were made only to quinine sulfate (QS04) and quininehydrochloride (QHC1). For our subjects, other substances,such as caffeine, urea, and MgS04, were attempted, butthey proved to be not just bitter alone, or they were of

    Table 2Individual Reaction Times (MSD) to Equisour Solutions of Four Acids

    SubjectsCompounds

    HC1Citric acidTartaric acidH 2S04MSDSDIM

    A52472.1252981.7152569.8952171.13524.83.30

    0.63%

    B744 142.47717128.65716103.2470998.99

    721.515.422.14%

    C48695.58496115.6748193.2450578.78

    492.0 10.682.17%

    D793 105.1981O116.25812 129.4880999.82806.08.76

    1.09%

  • a bitter taste clearly less intense than the taste of the solu-tions that provoked the other taste qualities.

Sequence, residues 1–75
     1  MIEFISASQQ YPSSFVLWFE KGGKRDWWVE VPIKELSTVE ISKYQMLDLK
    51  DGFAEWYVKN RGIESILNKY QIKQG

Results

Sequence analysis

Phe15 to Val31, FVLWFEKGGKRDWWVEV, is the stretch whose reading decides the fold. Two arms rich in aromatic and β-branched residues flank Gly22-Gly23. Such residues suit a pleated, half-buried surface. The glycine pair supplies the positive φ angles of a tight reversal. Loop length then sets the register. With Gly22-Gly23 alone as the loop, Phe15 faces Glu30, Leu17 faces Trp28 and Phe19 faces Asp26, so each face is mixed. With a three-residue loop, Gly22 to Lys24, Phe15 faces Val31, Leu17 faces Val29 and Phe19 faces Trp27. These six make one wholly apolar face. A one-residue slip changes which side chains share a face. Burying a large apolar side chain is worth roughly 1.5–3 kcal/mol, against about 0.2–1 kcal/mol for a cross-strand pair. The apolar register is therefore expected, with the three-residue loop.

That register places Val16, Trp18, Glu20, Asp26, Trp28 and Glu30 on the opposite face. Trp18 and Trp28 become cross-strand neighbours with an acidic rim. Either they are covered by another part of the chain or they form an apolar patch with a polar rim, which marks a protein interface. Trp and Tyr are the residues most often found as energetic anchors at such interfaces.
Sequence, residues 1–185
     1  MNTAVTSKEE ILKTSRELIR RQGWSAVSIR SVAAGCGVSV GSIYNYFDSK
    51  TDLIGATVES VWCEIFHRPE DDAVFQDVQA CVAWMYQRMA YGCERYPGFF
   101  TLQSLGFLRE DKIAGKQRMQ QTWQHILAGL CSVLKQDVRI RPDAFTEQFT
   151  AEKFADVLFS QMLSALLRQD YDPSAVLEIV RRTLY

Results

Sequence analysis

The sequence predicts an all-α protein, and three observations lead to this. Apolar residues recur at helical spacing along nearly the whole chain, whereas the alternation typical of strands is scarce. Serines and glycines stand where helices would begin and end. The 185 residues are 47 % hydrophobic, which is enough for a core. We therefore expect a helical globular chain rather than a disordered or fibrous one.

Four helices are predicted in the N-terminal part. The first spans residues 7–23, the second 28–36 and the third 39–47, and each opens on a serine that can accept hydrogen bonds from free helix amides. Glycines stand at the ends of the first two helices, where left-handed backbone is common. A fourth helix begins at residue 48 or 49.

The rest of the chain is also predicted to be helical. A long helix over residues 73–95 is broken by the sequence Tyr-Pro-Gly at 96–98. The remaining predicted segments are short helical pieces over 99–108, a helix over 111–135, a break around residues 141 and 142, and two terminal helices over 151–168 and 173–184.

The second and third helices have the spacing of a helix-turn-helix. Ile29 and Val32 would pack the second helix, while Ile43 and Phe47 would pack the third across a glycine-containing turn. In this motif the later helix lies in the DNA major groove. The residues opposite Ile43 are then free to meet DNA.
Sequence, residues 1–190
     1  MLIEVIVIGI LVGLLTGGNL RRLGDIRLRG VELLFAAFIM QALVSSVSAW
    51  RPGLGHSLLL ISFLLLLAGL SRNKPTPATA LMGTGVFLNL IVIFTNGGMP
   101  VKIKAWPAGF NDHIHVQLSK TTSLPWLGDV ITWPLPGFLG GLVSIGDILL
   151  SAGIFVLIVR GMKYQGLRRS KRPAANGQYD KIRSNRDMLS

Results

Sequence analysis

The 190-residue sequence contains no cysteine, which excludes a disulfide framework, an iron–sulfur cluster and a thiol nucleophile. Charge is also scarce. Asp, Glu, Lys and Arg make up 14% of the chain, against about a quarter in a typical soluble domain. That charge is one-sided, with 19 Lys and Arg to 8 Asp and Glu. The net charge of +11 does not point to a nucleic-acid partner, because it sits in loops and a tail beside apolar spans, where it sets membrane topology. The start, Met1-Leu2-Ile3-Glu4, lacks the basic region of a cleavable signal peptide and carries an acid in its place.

The QHCl concentrations matched to a nearly saturatedconcentration of QS04(0.003) included 0.00523 for Sub-ject A, 0.0129 for Subject B, 0.00588 for Subject C, and0.0157 for Subject D.

    Table 3 gives the RTs to the two equibitter solutions.The ANOVA showed that RT was not influenced bychange in the stimulus compound: FA(l,68) = .0085,FB(l,68) = .5200, Fc(I,98) = .7487, and Fo(l,78) =.0131. The individual RT variability is on the average19.2%, somewhat higher than that for other taste sub-stances.

    We tried to complete these results by stimulating oursubjects with a strong aqueous extract of the leaves ofArtemisia absinthium. For 3 of the subjects it was possi-ble to equalize this stimulus with QS04 and QHCl, butin somewhat lower concentrations. For 2 of these sub-jects RT to the extract was comparable to that for qui-nines, but for the 3rd it was significantly longer.

    Reaction Times to Four SweetenersThe sweeten